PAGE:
Updated: Jul 12
Before February 2020 I used to say that the role of CEO in the Australian disability sector would challenge the leadership skills of any CEO, regardless of their prior experience.
However, with the massive external shock presented by Covid-19 early this year a difficult role became infinitely more complex across three connected domains:
The urgent operational imperatives around health and safety: PPE shortage, inadequate procedures and training.
Customer stress: increased anxiety, confusion around service delivery, increased isolation and reduced supports.
Workforce stress: cancelled shifts, isolation, financial hardship, the inability to social distance, difficulty filling shifts due to the Jobkeeper effect and the rapid deployment to remote working.
Under Covid-19, any previously existing communication or culture issues were amplified. As a senior manager at one of Australia’s largest national charities commented to me in April: “Fran if you ever need a case study in slow communication, mixed leadership messages and confusion – let me know!”
And this comment from a support worker just a few weeks ago: "It doesn't feel like we're valued. Through Covid I did 3-4 months on call. That's 4 days one week, 5 days the next where I was on call for 24 hours. One week I worked 72 hours straight. We were getting flogged."
What does this do to quality? What does this say about culture? These are questions that go to the heart of why culture deserves more practical attention and less rhetoric.
Organisational culture is not just the remit of the HR department. It has to be 'owned' by the CEO and requires a whole-of-organisation Action Plan with task owners, due dates and measurement parameters.
Nine months on from the initial lockdown, culture is still more important than ever. So I’ve pulled together a shortlist of my top 3 culture building tips for the disability CEO this Christmas.
1. Now is the time to pause, reflect and celebrate with your staff team. Your staff may be feeling like they’ve been put through the wringer this year. Now is the time to acknowledge their efforts and be the leader that your employees can trust. Own up to what you personally found challenging; where you may have stuffed up this year. Honesty and vulnerability take courage and build courage in others. Never forget that the quality and capacity of your workforce is now your #1 competitive differentiator so I urge you to take the time to pause, reflect and celebrate with your team.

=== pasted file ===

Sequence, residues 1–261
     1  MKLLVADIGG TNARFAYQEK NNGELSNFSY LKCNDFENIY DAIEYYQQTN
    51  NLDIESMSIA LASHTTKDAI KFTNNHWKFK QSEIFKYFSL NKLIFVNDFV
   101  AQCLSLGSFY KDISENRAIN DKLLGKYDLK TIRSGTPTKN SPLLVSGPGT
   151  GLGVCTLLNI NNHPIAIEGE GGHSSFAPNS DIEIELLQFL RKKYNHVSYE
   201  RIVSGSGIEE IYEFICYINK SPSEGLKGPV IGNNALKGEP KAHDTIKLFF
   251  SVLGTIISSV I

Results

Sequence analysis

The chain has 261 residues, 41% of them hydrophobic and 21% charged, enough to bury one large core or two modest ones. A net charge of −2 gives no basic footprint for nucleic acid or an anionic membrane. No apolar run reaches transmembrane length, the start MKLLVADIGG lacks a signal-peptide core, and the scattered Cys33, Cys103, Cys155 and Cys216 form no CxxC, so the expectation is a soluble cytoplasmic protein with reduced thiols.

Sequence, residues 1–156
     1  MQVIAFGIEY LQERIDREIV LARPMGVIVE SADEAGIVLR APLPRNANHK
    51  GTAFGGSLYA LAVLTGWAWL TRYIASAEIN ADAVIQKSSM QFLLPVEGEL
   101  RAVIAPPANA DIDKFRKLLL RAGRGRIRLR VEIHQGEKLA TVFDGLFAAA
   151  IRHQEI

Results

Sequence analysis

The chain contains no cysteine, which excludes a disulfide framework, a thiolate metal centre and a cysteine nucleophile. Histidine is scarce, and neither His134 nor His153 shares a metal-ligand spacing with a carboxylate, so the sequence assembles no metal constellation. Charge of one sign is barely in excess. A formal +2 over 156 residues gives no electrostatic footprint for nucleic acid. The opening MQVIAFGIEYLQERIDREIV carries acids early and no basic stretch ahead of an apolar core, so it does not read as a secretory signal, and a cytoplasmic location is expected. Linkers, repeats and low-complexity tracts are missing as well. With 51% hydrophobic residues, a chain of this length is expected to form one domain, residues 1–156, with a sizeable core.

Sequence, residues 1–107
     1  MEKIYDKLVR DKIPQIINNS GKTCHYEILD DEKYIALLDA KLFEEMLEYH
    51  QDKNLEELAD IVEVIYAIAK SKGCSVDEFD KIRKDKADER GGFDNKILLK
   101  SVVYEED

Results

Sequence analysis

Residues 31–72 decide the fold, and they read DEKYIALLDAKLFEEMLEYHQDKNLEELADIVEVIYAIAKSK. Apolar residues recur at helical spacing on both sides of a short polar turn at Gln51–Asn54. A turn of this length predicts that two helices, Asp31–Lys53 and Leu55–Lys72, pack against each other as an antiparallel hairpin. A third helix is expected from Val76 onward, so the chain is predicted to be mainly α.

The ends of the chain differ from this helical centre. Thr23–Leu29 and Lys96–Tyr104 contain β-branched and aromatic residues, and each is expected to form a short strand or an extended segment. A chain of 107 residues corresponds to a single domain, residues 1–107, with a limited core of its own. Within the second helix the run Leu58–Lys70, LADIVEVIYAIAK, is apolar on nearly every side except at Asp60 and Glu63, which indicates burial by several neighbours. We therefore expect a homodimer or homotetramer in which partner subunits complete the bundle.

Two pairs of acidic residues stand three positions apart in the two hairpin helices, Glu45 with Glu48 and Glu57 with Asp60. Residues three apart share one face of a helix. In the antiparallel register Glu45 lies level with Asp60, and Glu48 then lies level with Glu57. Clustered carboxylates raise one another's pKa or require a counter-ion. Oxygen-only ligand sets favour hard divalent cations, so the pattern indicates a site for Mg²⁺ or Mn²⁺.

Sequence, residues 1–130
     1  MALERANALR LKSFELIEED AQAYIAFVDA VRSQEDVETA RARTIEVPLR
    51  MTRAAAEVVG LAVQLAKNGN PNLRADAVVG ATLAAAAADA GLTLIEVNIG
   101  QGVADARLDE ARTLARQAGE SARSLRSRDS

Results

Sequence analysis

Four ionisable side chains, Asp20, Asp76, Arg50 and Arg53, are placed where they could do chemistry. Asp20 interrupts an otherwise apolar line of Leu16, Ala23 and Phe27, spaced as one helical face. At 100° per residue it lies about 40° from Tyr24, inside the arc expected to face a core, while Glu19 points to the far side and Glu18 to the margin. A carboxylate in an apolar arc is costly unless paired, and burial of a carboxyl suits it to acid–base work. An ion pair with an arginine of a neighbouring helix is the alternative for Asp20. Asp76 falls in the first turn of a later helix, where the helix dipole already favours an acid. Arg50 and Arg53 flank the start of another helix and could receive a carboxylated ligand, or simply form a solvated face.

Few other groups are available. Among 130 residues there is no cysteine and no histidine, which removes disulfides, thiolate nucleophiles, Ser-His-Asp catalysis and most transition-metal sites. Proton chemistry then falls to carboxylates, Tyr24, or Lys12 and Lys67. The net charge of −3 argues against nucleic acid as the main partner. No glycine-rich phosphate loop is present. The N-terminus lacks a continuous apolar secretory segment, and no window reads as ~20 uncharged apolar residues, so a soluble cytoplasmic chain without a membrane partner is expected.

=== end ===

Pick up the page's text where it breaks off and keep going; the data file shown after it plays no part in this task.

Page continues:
2. Now is the time to reach out to your clients, families and community. Share how far you’ve come over the last year, how you have responded to Covid-19 and how you are committed to ensuring the participant remains at the heart of every decision you make. The communication channels you use also send a message about who you are. Make it personal. Pick up the phone and speak to people or send a handwritten thank you card. This is about recognising the whole person, not just the person they are to your business.
3. Now is the time to share stories of outstanding service and random acts of ‘going way beyond’ customer expectations. Stories that demonstrate your values in action. Stories drive change better than any other form of communication. So your primary role as leader is to share your vision and back it up with stories that demonstrate the continued relevance of your mission.
The NDIS has imposed a transactional business model on a service that is driven by the quality of its people – their expertise and their relationships. Your customer is not looking for a transaction; they are looking for someone they can trust. So are your employees.
This Christmas I urge you to take the time to prioritise workplace culture. Convince your team that you believe in them, that you know they are capable of extraordinary things and that, with their support, your organisation will emerge from 2020 stronger than ever before.